But wait, no. No they don’t. And it is actually a rare instance of Japanese people being culturally sensitive to foreigners. Because you see, a lot of countries don’t have 4 seasons. It’s us Europeans&North Americans who assume that 4 seasons is the norm. If you ignore China for a moment, you will see that the greatest sources of foreigners in Japan all come from countries that do not have 4 seasons (or if they do, they are considerably lighter differences). Many of them are on the other side of the equator, so the seasons are reversed.

koppen_world_map_af_am_aw

These are just the countries from tropical climate zones of the Earth where all twelve months have mean temperatures above 18.0 °C (64.4 °F). 2 season-climates are still prominent a few degrees south and north of this.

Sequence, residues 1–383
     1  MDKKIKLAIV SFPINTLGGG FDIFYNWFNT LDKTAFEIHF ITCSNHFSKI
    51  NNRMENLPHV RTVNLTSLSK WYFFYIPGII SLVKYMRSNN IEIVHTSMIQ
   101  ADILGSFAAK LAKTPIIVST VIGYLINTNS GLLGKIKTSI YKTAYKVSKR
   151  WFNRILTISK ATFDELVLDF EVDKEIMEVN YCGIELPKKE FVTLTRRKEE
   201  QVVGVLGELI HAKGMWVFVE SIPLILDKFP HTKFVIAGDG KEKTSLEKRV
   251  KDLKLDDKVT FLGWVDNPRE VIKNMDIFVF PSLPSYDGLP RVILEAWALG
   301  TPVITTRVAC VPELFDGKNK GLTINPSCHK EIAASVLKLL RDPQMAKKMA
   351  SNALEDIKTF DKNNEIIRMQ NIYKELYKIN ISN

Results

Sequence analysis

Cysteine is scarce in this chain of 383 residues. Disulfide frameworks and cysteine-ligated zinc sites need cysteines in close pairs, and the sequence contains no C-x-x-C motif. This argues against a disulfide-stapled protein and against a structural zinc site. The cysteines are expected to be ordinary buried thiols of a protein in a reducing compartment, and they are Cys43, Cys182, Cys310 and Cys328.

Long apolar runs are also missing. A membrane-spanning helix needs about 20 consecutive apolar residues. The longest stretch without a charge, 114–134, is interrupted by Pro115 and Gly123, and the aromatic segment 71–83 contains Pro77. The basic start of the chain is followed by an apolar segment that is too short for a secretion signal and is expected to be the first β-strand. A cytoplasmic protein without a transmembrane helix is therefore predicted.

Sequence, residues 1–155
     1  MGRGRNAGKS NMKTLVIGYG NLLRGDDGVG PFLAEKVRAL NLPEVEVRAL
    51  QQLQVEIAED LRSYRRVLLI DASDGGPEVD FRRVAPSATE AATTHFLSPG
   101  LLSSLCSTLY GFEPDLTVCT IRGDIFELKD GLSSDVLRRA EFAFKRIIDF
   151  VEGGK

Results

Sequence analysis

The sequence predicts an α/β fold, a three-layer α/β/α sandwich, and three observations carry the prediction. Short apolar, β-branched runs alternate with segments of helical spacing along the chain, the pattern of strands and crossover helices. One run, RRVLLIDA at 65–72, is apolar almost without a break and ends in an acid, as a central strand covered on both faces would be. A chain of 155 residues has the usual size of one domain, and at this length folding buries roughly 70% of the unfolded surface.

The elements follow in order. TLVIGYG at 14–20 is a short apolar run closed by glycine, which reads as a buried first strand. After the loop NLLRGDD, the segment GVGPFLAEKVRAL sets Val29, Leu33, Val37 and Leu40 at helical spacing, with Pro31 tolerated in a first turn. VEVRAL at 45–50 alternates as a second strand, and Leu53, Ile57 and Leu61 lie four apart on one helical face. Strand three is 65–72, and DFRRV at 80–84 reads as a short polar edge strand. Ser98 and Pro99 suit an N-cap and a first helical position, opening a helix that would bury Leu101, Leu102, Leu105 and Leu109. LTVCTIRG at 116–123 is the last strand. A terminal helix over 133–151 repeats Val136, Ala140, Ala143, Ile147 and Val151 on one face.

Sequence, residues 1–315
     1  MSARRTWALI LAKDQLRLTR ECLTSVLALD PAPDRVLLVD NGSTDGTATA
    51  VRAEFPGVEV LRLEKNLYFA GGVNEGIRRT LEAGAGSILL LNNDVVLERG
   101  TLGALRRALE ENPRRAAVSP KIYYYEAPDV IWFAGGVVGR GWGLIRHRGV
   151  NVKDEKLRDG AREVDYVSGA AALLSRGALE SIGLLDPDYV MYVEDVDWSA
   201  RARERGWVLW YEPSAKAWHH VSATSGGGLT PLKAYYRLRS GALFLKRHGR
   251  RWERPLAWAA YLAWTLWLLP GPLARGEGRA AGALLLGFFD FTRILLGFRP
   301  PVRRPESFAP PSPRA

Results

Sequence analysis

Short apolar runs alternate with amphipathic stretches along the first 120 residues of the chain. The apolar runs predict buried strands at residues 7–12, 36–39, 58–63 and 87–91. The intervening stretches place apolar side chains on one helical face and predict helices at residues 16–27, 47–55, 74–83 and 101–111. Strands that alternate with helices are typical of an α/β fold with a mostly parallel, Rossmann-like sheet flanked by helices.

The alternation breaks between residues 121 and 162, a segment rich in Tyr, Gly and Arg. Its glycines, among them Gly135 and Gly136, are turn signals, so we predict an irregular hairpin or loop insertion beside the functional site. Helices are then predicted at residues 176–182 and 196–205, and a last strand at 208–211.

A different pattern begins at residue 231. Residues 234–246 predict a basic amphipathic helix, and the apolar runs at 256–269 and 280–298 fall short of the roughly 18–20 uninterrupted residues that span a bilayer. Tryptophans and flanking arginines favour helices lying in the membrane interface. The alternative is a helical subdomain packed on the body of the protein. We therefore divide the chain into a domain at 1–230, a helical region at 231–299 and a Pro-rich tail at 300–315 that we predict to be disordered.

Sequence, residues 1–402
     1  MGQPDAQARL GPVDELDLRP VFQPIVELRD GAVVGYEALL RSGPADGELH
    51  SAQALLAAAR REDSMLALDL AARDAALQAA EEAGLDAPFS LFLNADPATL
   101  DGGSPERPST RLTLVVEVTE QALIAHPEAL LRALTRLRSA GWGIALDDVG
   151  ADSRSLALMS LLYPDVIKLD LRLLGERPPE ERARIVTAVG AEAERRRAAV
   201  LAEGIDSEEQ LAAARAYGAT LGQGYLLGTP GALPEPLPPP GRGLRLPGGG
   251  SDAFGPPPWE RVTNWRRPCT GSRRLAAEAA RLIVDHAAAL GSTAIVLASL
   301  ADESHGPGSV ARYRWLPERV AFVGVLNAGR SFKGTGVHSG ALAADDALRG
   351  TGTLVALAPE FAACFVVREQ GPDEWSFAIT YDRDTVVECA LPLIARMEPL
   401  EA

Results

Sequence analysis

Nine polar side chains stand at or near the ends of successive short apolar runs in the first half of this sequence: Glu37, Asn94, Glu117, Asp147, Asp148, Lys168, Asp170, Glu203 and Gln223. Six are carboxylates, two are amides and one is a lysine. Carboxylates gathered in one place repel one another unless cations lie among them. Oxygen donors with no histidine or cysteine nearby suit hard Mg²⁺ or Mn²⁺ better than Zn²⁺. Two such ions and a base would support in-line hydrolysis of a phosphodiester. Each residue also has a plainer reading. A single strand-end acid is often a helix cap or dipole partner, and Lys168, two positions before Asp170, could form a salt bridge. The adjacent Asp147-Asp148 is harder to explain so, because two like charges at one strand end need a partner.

So when a Japanese person is asking if your country has 4 seasons, they are not doing it out of ignorance or because 4 seasons is some ultimate achievement. They are genuinely asking because they know that seasons vary according to geographic location. They’re being nice. It’s a (not so rare) case of criticism about Japan being ignorant revealing the ignorance of the speaker.

(Post triggered by http://www.therisingwasabi.com/man-shuns-ancestral-heritage-spells-name-with-katakana-on-sns/ )

April

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Start of the new year. My 3rd year in Japan, the year I graduate and should start prepping for the next stage. I’ve been petting fluffy animals all of March to emotionally prepare for this. I can do this.

The sakuras have turned green, a third of my colleagues have dyed their hair black and are walking around in black suits, the word ‘thesis’ is looming heavily in the air.